Woman vegetable shopping

A diagnosis of dementia does not automatically mean people are immediately incapable of caring for themselves. Helping a person to stay in their home, in familiar surroundings, for as long as possible is a worthwhile goal. However, because there are some risks associated with that, it can be very worrying for the people who care about them.

The type of support needed depends on the individual situation. A person with dementia living alone may:

  • Forget to cook regular meals
  • Miss taking prescribed medication or take too much medication
  • Forget to bathe or change their clothes regularly
  • Have a lack awareness of potentially hazardous situations, such as fire or electrical appliances
  • Miss paying bills such as power, rates
  • Show poor judgment about who they let into the house
  • Forget to feed or care for pets
  • Have unrealistic ideas or suspicions that can lead to trouble with neighbours, the police or the community.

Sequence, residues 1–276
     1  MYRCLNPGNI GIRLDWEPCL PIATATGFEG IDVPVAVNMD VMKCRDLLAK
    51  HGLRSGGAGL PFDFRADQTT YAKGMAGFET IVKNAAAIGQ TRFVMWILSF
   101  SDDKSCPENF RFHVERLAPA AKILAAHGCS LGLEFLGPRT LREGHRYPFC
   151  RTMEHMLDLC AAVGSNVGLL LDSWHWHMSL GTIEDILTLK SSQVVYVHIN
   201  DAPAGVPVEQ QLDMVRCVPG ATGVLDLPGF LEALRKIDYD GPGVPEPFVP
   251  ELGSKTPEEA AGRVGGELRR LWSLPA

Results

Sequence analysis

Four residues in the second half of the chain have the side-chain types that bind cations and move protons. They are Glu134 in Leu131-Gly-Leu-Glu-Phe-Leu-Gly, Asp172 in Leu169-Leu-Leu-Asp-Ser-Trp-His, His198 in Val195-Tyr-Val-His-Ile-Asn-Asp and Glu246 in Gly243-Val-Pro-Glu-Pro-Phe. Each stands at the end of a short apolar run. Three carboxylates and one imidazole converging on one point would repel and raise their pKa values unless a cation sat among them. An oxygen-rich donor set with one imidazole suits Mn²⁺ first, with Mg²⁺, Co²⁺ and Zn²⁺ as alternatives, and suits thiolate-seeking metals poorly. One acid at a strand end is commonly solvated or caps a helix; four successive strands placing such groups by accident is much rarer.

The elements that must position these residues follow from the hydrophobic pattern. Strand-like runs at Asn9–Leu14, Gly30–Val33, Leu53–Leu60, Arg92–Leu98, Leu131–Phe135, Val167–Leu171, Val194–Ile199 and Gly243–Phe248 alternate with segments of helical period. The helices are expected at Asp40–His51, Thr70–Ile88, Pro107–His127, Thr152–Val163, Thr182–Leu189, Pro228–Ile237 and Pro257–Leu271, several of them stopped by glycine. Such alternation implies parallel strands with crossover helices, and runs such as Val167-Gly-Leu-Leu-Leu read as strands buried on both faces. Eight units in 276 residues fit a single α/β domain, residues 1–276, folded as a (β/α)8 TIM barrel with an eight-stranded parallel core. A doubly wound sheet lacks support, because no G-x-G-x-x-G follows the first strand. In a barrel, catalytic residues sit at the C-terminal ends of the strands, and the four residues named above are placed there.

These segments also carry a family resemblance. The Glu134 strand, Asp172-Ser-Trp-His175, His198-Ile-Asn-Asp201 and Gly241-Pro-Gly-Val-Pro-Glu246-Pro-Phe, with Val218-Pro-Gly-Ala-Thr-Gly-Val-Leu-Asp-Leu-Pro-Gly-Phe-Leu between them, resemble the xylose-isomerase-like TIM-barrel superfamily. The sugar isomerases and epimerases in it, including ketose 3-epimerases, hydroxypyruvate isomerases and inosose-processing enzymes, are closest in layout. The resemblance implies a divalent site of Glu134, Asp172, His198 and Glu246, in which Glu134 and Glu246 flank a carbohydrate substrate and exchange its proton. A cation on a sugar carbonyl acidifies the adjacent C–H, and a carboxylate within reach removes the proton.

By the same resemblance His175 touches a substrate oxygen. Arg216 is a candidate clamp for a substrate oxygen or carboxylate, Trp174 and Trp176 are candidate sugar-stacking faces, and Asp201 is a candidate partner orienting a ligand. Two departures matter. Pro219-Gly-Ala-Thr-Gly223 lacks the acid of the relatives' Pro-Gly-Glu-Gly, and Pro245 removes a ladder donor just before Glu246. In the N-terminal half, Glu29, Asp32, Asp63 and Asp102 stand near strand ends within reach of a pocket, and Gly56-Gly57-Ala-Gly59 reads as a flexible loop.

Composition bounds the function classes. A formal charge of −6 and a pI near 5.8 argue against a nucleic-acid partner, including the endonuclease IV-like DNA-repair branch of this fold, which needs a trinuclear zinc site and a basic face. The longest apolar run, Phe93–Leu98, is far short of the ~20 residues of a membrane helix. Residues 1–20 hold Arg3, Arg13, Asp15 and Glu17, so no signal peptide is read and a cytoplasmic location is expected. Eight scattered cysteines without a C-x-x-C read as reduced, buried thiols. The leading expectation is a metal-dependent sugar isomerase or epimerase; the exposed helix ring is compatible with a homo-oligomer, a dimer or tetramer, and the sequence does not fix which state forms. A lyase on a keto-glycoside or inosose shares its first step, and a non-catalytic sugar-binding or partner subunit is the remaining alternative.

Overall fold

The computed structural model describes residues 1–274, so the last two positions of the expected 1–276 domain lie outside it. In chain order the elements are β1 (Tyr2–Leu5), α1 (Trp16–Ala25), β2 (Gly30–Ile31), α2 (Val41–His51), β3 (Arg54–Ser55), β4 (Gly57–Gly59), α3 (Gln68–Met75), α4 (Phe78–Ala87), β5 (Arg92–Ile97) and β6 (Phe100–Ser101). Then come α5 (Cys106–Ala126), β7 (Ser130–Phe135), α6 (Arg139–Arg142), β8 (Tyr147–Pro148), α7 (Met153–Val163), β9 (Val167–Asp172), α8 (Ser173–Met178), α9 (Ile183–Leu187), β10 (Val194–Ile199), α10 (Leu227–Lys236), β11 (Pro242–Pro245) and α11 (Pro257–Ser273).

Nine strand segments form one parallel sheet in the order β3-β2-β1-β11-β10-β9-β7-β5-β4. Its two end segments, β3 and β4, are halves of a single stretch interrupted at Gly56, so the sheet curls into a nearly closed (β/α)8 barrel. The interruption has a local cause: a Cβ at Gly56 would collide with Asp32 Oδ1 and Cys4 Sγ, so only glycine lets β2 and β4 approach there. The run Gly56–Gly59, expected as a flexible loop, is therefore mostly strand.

Some of these situations may be able to be dealt with fairly simply. For instance, if the person is forgetting to prepare meals, arrange for delivered meals, such as meals-on-wheels, and make a phone call or arrange a visit to remind them to eat the meal. If the person is receiving home based support, the support worker can help with giving reminders to eat or heating prepared meals.

When someone is diagnosed with dementia a team of people usually becomes involved in their medical care and support. Talk to those people, as well as other family/ whānau and friends, and work out a plan of how to best support them to stay living at home for as long as possible.

Some situations, however, may compromise the person’s safety and wellbeing and a move to more supervised care may be a better, safer option.

  • Booklet: Supporting a person with dementia Thumbnail Image

    Booklet: Supporting a person with dementia

    A guide for family/whānau and friends

    This booklet gives you information and tips on helping a person with dementia with their personal care, such as washing and dressing, nutrition, sleeping and travelling, as well as communication and ideas for meaningful activities and ways you can look after yourself – which is very important, too.